Friday, October 29, 2021

for a Literary university in a democratic ecology

for someone engaged with “scholarly work on ecology
and literary modernism” 

What Universities Owe Democracy, by John Hopkins University President Ronald J. Daniels et al. (Oct. 2021), inspires (for me) an idea of interplay wider than conceptions of the university and democracy:

Literary understanding <—> the university <—> democracy <—> ecological understanding.

Moreover, the interplay isn’t linear. Literary <—> democracy;
university <—> ecology; and Literary <—> ecology are equally relevant.

Indeed, a rich appreciation of ecological thinking—highly humanistic thinking—can contribute importantly to the university <—> ecology interface (which is absent from Daniels et al.’s book).

Usefully, though, they advance four foci, i.e., “four distinct functions of American higher education that are key to liberal democracy: social mobility, citizenship education, the stewardship of facts, and the cultivation of pluralistic, diverse communities” {publisher’s description].

Friday, October 15, 2021

It Just Is: The City, Life

Late night, looking at the S.F. lights (for the “millionth” time, from
my spot in the Berkeley hills), I realized again that there never was any Purpose to It All.

No news here. The City—the urban kluge—gradually emerged (like brains in nature) for specific functional efficiencies: roads, lights, buildings, which altogether implied no conception of aggregate consequentiality (e.g., neighborhood, traffic congestion, inspired community, crime, deterioration of infrastructure, spectacular architectures oblivious of adjacent ugliness).

Unlike nature, which adjusts itself ecologically, the structural City forces upon itself unadaptability to consequences that its opportunistic humans are compelled to face.

Friday, February 5, 2021

democratic life involves perpetual renewal,
in small degrees

The point of transition to a new governmental era performs a constitutionally derivative act of re-Founding that idealizes citizen commitment to their part in making the new era real.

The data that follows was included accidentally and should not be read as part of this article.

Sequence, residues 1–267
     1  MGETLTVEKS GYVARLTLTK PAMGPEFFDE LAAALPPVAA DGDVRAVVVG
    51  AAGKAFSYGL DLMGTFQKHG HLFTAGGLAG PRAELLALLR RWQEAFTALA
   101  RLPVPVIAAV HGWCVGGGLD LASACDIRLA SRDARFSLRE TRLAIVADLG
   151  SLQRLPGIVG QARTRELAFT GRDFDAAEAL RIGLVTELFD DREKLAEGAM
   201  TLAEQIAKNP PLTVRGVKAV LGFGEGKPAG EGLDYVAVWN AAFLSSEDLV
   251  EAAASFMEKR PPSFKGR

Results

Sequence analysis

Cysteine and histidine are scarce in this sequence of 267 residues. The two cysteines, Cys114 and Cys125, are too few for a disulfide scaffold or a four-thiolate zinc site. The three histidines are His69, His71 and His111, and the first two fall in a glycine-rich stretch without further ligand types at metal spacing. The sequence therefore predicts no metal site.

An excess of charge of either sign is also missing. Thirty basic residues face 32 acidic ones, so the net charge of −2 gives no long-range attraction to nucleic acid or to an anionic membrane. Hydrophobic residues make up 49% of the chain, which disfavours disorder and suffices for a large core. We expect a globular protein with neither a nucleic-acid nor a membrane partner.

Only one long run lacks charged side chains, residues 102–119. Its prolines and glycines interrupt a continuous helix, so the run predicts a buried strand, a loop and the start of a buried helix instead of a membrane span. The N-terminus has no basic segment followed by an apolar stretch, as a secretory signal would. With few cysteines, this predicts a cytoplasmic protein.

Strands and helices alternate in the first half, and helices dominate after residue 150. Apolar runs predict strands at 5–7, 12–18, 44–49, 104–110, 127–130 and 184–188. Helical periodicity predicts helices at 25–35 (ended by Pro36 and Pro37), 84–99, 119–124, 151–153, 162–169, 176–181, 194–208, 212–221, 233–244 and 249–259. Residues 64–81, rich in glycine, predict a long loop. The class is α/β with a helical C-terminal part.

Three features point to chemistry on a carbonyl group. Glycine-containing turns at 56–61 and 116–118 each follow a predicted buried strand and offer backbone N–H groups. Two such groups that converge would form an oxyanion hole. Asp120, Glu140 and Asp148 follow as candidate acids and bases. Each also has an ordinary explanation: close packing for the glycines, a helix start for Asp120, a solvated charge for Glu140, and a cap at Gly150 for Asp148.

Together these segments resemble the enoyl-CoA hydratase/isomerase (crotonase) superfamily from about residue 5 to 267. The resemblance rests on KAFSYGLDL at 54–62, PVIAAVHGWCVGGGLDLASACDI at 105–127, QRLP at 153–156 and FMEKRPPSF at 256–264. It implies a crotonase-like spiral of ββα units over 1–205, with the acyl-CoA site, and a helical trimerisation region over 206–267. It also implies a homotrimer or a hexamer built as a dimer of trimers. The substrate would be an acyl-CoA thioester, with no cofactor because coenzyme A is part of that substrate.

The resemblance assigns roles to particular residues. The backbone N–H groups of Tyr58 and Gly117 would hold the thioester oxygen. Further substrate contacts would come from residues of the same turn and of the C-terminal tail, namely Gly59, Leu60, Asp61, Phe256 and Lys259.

A normal response is that one doesn’t have the time to honor such promise.

That suits the capitalist world well, as its under-monetized demands of work time commonly deny folks freedom for a high degree of citizen presence—even denying folks time for good attention to reliable news, little time for self-directed learning, little time for enriching friendships and sustaining neighborhood, even denying us time for good family, good-enough parenting. (The capitalist world spends heavily to prevent legislation of fair minimum wages.)

Wednesday, February 3, 2021

people, nation, nationality, nationalism, transnationalism

Persons commonly use ‘people’ in the sense of ‘persons’, but a person isn’t primarily one of the people or a member of some people, understood as the people or a people. A person among persons is an individual among individuals. Indeed, the first recorded use of ‘people’ (i.e., the item of English) was a sense of “human beings not individually known or considered as individuals” (Merriam-Webster Unabridged).

Indigenous persons didn’t originally understand themselves as a people (i.e., one variety of a European general kind); rather, they were Navajo, Inuit, Mongolian, Persian, Gallic, or Angle, etc.: a self-determinative singularity, conceived as a distributed language family or regional version of The Family.

The English notion of people has its first known use in the 13th century, followed by first known use of ‘nation” in the 14th century, meaning the same as nationality, emergent through Middle English from the Latin ambiguity of ‘natio’: birth, race, people; and earlier Latin ‘gnatus’: to be born, like Latin ‘gignere’: to beget.

Monday, February 1, 2021

the challenge of humanistic union
for the confederated planet

A challenge of confederacy exists in the U.S. which traces back to the conception of our Constitution: states’ rights.

The admirable idea is that grassroots democracy calls for local freedom for shaping regional policy; regional freedom for national policy.

Great-scale frustrations of that are expressed in the European Union’s challenge to respect intra-E.U. sovereignties while trying to find a unifying basis for constitutionalizing a United States of Europe—an idea which may never be actualized, but an idea which is very integral to E.U. evolution.

The challenging idea of e pluribus unum—from the many, One—is also integral to the future of African union, and—more abstractly—for international associations strapped with sustaining and advancing manifold global dynamics (e.g., the WTO vs. China) fruitfully—with telic cohering, I like to say.

The G-7, the G-20, and the U.N. Security Council all face the challenge of constructiveness among sovereignties. Persons live with that challenge among friends, colleagues, and neighbors.

All in all, We want what expresses our flourishing, even Our evolving, durably.